A Chat with Brandon Seager, Part Two
Opened in December, Coltivare (pronounced col-tee-var-ay) is a laboratory restaurant launched alongside Tompkins Cortland Community College’s brand-new Culinary Arts and Sustainable Farming and Food Systems programs. The Culinary Arts program is the first program in New York State to specialize in a farm-to-table approach. Located in downtown Ithaca, Coltivare utilizes produce from TC3’s farm as well as other local food producers such as The Piggery and Lively Run Dairy.
The already established Hotel and Restaurant Management and Wine Marketing programs also play a major role in Coltivare. The latter is chaired by Brandon Seager, formerly the winemaker at Red Newt. Seager has utilized his long-standing connections in the local wine industry to create Coltivare’s by-the-glass offerings. With this mission, Seager hopes to convince consumers and local restauranteurs that Finger Lakes wines have value. “If you go to the Napa Valley, nobody ever questions why all the by-the-glass selections are from California, but here, they do,” Seager says.
What sort of challenges have you faced in designing your by-the-glass program? What has the response been among guests?
Frankly, it’s been mixed. We’ve had people that say, “Why don’t you have Zinfandel on your list?” and the answer is clear: our mission is Farm-to-Table. You can’t make Zinfandel here. The grapes won’t grow, and if you try to grow them, the wine will come out awful. If you want a really good Zinfandel, then you should buy a bottle of California Zinfandel. That’s where they do that best.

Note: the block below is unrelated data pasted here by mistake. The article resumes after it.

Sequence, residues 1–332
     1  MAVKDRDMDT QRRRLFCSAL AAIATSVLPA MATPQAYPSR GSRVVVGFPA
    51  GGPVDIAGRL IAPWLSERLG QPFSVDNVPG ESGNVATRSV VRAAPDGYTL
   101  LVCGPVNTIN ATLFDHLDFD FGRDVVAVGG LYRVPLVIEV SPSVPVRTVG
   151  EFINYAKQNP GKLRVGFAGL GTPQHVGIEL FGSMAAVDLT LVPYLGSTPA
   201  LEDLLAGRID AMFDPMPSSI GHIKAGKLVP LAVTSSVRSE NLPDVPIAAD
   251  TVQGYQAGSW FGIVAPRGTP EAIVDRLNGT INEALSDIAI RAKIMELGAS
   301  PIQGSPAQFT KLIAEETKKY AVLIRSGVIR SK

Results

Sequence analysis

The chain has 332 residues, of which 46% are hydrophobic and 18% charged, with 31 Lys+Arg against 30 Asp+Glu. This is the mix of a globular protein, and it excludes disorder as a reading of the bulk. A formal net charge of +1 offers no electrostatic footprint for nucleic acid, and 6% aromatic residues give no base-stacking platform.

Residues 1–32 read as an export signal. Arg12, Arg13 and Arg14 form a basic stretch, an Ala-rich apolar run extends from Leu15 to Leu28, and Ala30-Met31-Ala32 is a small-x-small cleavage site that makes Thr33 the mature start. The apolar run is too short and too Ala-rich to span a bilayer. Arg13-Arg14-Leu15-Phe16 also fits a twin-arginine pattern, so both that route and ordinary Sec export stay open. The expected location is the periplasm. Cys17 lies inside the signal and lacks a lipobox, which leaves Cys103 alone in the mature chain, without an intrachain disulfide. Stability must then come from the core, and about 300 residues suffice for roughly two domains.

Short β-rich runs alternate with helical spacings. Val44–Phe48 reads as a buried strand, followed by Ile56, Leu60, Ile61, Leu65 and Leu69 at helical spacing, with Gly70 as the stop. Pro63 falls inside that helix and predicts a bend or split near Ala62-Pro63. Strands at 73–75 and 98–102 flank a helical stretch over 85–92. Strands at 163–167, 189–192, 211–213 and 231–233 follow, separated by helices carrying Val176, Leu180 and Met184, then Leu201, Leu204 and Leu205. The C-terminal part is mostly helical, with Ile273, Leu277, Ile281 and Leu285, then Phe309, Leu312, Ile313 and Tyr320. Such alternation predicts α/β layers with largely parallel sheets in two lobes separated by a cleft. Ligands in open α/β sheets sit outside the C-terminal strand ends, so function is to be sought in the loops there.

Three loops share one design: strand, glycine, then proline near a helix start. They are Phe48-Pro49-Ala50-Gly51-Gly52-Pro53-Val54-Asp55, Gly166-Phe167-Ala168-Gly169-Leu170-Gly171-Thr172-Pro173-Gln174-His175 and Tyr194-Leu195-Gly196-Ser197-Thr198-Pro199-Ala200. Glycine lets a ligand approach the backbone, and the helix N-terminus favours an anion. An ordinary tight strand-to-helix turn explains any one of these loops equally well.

We do other things better here than they can do there. Our counterpart to the Zinfandel would be their Riesling. California Rieslings are terrible, and they shouldn’t make them. So you focus on what you can do best—that’s the message I try to give to our staff. That’s an uphill battle, something that involves training and education, and that’s our entire mission. What grows in our soil pairs best with what also grows in our soil.
Why is it important to you to feature local producers on your menu?
You have to take a step back, look and think, “What does our region really have to offer?” This is not New York City. This is not Los Angeles. What is it that makes it really great to live here? The answer is, we’re surrounded by farms, we’re surrounded by vineyards, surrounded by people who are actually growing things out of our earth, our property and our region. We’re living in an area that can do just about anything, with some exceptions. We should really take pride in it and feature that. Unfortunately, we can’t substitute agriculture with industry. So we try to support our local industries as best as we can because they have a really good understanding of what they can do well. Europeans have understood this for a hundred years.
In places like Brazil and California, where they have unlimited real estate and good weather, should we be buying all our food from them? Supply and demand and economics always wins, but we can do that here in a sustainable way that supports our local economy. Ultimately, that supports taking care of each other in a communal approach. That’s what we try to do here.